Monday, January 15, 2018

It's Time To Talk About The Purpose Of Sex

The more I see all the headlines stamped on our news feeds about #metoo moments, the more I am
convinced we as a society have lost sight of the purpose of sex. It's a generally true observation that if we don’t know what something is for, odds are pretty good we will use it in ways we shouldn’t.

Sex is not exempt from this reality. And considering how the scandals range from the church to Hollywood to Washington to schools, it’s clearly a struggle that permeates every aspect of our society.

So, sex and purpose. What could possible go wrong in this discussion? 

I don’t expect everyone reading this to agree with me, but I do ask that you give serious consideration to these thoughts – and then, if you wish to offer serious thoughts in agreement or opposition, feel free!

Monday, January 8, 2018

Empires, Shires, And Incense To Ceasar

I have been reading The Benedict Option, a book by Rod Dreher that generated quite a bit of discussion after it was released just over a year ago. I'm trying to think clearly about the argument he is making, which is basically that "the culture war as we know it is over," and the church needs to focus on building strong communities that learn from and build on Benedict's monastic model.  

My goal here is not to support or critique his argument since I've not yet finished the book (or read a rebuttal). However, as I have been reading his chapter on Christians and Politics, and I have had a lot of thoughts bouncing around in my head.

So, if you are up for (perhaps) being unsettled, here are some excerpts from this chapter that will hopefully bounce thoughts around in your head as well - thoughts which I would love to hear either in the comment section on this post or on social media. I seem to remember reading that there is much wisdom to be found in a multitude of counselors...

Tuesday, January 2, 2018

Consent Is Not Enough

Our culture needs to spend more time on two important questions that are increasingly being asked in the wake of the sex scandals rocking Hollywood and Washington, D.C.

First, is consent sufficient to grant moral goodness to any sexual act? After all, we don't simply assume that consent equates with morality or goodness other situations. Two people can agree to kill or cannibalize each other. The fact that they consented hardly makes it a good thing. One can certainly make a morally neutral act bad by coercion, but one can’t make a morally bad act acceptable simply by agreeing to have it done or by giving permission to do it. In terms of sexual activity, the goodness of an act can never include anything less than consent, but it must include more. Consent is necessary, but not sufficient.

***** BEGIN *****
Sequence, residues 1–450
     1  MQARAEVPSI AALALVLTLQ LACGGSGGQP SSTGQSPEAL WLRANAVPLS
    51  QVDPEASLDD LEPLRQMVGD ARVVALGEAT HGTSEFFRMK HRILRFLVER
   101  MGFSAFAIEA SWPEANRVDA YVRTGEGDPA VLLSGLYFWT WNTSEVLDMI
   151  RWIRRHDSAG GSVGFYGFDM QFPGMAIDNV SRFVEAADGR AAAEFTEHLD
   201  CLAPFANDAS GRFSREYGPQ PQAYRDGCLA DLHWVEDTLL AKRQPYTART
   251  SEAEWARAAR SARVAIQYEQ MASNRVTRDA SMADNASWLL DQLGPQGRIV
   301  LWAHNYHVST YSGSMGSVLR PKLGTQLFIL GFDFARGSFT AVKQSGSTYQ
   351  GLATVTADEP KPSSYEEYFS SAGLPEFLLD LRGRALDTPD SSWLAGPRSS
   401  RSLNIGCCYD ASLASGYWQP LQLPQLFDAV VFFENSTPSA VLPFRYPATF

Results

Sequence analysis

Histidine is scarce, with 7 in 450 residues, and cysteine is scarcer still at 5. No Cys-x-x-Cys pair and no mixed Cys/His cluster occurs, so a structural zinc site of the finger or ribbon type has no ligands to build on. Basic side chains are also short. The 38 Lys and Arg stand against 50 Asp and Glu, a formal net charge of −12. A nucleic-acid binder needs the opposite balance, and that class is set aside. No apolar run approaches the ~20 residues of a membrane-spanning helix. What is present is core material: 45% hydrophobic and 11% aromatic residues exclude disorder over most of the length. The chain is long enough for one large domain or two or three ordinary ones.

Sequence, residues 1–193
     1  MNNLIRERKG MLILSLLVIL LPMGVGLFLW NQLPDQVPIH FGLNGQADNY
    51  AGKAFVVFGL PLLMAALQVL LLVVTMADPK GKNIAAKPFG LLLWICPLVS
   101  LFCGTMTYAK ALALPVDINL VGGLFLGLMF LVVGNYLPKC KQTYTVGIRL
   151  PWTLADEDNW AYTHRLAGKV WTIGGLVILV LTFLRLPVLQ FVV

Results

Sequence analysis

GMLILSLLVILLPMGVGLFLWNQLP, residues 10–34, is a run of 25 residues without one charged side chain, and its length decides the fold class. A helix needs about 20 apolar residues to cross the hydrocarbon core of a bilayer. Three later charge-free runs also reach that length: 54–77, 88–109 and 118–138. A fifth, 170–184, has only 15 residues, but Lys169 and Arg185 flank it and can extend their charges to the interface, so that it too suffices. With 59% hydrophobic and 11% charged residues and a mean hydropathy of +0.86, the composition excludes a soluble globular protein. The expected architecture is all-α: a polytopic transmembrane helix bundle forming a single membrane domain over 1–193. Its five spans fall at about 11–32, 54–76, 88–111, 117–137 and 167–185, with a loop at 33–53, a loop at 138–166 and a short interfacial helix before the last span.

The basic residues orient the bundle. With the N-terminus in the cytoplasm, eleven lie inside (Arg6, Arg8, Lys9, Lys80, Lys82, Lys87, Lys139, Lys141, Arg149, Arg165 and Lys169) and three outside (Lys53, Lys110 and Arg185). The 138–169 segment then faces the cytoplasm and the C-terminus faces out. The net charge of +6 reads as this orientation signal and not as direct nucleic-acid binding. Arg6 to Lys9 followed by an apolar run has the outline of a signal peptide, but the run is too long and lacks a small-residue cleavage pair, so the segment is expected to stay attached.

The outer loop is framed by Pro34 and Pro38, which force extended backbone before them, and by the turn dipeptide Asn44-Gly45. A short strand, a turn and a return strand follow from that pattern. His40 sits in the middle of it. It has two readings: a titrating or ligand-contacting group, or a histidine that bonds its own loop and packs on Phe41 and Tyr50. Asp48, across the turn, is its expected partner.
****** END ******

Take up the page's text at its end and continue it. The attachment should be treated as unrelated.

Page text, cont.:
Second, when is the one granting consent not actually granting consent? Think of the issue of minors engaging in sex with adults. If a minor is below the age of consent, the idea is that they are not even capable of consenting in any meaningful sense of the word, because they are not mature or rational enough to truly understand what they agreeing to do. That principle can be broadened:
  • What if someone who was abused has had his or her perspective on sex so badly damaged that consent is not a reflection of an affirmative desire at all, but of broken resignation?
  • I have read several articles (such as this one) and sobering books that take an in-depth look at the hook-up culture, especially how it exists on college campuses. If a woman gets drunk so that she can get over her natural inhibition or even dislike of what will eventually happen with someone she meets at a bar, is her consent really consent? She doesn’t really want to, but it’s how she believes the game must be played, so she numbs herself in order to say “yes.”
  • If two adults consent to actions that are degrading, perhaps even dehumanizing, and which will be formative in them and those who watch (if it is porn), is mere consent sufficient to give it our stamp of approval? 
  • What if two adults are in a relationship and one says, "Well, if you won't have sex with me (or if you won't have more sex), this relationship is over." If the partner fulfills the other one's wishes, is that truly consensual sex?

We must gain moral clarity on this. These questions matter not just for the individuals involved, but for the cultural mood that is created based on how we respond. Rather than give a prolonged essay on my view, I am offering a collection of excerpts from articles addressing this issue.